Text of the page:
Naturalists' News and Sightings

From swimming pool to ice rink

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I have just done 'David's' feeders - lots of tits. The flowing floods have retreated from the new wet meadow which is now covered in ice. Graham

from Graham Bateman:12 February 2021

Sightings

Beautiful Demoiselle

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I saw this Beautiful Demoiselle in my garden in Henwood for the first time ever!

 

from Margaret Abel: 23 May 2022

Muslin Moth

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This Muslin Moth female was resting on our window today - first macro-moth I have seen in the garden this year!

 

from David Guyoncourt: 10 May 2022

Peat-free compost fungi

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The peat free compost I use is based on wood fibres.  It grows masses of tiny toadstools.  Can anyone suggest an ID? Photos show one Antirrhinum in a pot of 10cm diameter with more than a dozen toadstools. Underside view shows gills with black spores.

(email ID suggestions to news@abnats.org.uk)

from Gillian Taylor: 19 April 2022

Scarlet Elf Cups

Scarlet Elf Cup fungi amongst moss on fallen branch.

While clearing a path along the riverside wood in Barton Fields we found these Scarlet Elf Cups growing on a well-rotted branch.  We  have found these before in late winter/ early spring so are not usually found in autumn forays.

from David Guyoncourt: 6 March 2022

First butterfly sighting for 2022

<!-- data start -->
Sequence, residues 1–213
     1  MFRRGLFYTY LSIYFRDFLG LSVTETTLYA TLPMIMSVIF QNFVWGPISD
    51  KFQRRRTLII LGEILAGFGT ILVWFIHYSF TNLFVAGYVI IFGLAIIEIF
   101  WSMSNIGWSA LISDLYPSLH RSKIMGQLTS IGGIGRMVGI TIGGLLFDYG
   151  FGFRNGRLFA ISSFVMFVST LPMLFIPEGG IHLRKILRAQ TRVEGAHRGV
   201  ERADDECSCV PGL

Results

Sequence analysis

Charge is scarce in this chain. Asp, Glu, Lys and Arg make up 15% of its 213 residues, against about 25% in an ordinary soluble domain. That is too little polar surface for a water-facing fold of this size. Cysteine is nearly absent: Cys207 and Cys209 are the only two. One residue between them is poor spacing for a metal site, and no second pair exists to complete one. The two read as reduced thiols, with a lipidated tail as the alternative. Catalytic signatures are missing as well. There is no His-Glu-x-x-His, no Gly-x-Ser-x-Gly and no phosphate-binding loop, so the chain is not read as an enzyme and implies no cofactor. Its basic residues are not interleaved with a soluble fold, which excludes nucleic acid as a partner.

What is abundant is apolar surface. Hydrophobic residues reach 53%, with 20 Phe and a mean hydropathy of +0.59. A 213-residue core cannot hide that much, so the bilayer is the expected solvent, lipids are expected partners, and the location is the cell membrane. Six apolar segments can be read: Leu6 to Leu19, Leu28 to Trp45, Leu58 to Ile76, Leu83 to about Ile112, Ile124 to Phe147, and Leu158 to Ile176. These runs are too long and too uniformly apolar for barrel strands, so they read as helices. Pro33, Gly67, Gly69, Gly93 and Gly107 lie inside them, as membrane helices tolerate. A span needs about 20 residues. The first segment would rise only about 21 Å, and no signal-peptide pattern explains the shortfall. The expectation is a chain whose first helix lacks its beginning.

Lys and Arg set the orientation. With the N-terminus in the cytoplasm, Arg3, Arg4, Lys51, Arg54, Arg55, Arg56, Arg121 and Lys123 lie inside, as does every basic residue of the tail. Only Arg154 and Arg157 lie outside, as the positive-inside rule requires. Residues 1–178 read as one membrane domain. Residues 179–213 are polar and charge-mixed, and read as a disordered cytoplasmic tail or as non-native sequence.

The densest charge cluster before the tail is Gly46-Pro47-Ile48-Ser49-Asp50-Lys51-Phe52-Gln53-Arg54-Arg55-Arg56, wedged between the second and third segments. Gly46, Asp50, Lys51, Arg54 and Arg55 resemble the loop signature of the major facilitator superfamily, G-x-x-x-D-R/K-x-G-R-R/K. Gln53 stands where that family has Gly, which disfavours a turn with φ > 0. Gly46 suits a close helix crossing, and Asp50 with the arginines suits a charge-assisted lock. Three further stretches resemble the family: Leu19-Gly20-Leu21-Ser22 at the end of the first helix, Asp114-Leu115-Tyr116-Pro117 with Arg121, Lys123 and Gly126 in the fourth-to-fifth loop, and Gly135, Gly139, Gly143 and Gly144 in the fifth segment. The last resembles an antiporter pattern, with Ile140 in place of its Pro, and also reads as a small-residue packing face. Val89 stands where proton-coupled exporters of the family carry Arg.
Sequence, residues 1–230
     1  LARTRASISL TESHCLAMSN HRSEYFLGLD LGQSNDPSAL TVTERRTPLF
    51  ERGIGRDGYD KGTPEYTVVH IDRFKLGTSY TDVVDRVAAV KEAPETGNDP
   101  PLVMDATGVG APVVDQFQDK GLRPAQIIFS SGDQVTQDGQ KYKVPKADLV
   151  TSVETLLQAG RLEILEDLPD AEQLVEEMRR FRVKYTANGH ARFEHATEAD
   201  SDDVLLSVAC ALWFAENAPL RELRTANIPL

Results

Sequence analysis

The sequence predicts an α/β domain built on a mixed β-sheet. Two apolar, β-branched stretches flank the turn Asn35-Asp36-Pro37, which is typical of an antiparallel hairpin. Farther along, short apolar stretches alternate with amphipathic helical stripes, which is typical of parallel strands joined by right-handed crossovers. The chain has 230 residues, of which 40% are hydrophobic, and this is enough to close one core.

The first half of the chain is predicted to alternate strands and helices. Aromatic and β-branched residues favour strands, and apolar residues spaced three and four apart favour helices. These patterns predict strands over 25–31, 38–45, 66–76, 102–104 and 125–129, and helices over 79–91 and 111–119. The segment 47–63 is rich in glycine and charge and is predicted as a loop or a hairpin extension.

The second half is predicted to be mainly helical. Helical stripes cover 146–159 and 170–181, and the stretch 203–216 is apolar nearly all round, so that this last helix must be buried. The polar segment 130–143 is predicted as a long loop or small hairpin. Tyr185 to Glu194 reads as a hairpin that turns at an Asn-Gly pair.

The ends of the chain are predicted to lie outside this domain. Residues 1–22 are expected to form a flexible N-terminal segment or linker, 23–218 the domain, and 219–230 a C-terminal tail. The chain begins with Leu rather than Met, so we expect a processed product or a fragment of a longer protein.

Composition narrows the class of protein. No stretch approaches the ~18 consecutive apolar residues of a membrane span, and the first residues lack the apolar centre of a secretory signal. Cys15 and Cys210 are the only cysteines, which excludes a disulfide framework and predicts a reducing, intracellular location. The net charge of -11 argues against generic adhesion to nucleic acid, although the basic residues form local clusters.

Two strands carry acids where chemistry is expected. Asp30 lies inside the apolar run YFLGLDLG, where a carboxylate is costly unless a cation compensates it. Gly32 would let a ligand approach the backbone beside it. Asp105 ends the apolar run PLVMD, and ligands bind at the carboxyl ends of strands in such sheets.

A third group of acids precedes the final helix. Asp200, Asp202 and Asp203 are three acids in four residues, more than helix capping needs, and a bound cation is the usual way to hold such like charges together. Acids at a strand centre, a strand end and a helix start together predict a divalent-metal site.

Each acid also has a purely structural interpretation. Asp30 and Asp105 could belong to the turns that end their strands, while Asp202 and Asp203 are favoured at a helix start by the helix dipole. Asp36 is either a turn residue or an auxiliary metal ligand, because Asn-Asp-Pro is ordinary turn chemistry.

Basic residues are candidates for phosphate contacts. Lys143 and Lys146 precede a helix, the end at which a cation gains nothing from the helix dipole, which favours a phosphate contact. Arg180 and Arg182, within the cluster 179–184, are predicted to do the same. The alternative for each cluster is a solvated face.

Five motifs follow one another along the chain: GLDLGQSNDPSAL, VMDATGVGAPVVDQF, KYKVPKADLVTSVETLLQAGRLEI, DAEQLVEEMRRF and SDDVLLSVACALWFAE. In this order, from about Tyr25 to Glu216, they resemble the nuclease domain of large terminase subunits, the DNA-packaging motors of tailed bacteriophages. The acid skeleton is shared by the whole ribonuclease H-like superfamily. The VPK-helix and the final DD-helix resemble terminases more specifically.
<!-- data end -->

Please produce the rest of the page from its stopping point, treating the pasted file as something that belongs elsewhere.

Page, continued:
Today I saw my first male brimstone butterfly of the year, it was at Lashford Lane nature reserve (BBOWT) in Wootton. In sunshine of course.

from Felicity Jenkins: 1 February 2022

Little Egret return to River Stert

A Little Egret has again been a regular visitor to River Stert in North Abingdon over the past few weeks, since the Environment Agency cleared a build-up of vegetation.

from Adrian Allsop: 15 December 2021

Winter thrushes and fallen apples

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This week my fallen apples have attracted 2 song thrushes, 7 redwings, 2 fieldfares and up to 13 blackbirds including this one with white on the head.

from Gillian Taylor: 2 December 2021

What's been eating our roses and tomatoes?

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My sharp-eyed grandson spotted this large green caterpillar with yellow ‘go faster’ stripe, eating our tomato plants. It turns out to be the larva of the Bright-line Brown-eye Moth (Lacanobia oleracea) also called the Tomato Moth.

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Today I noticed some shiny boldly-spotted caterpillars with erect stance, eating the leaves of our rose. They turn out to be Large Rose Sawfly larvae. I am happy to share my plants with both of these larvae.

from  David Guyoncourt: 11 September 2021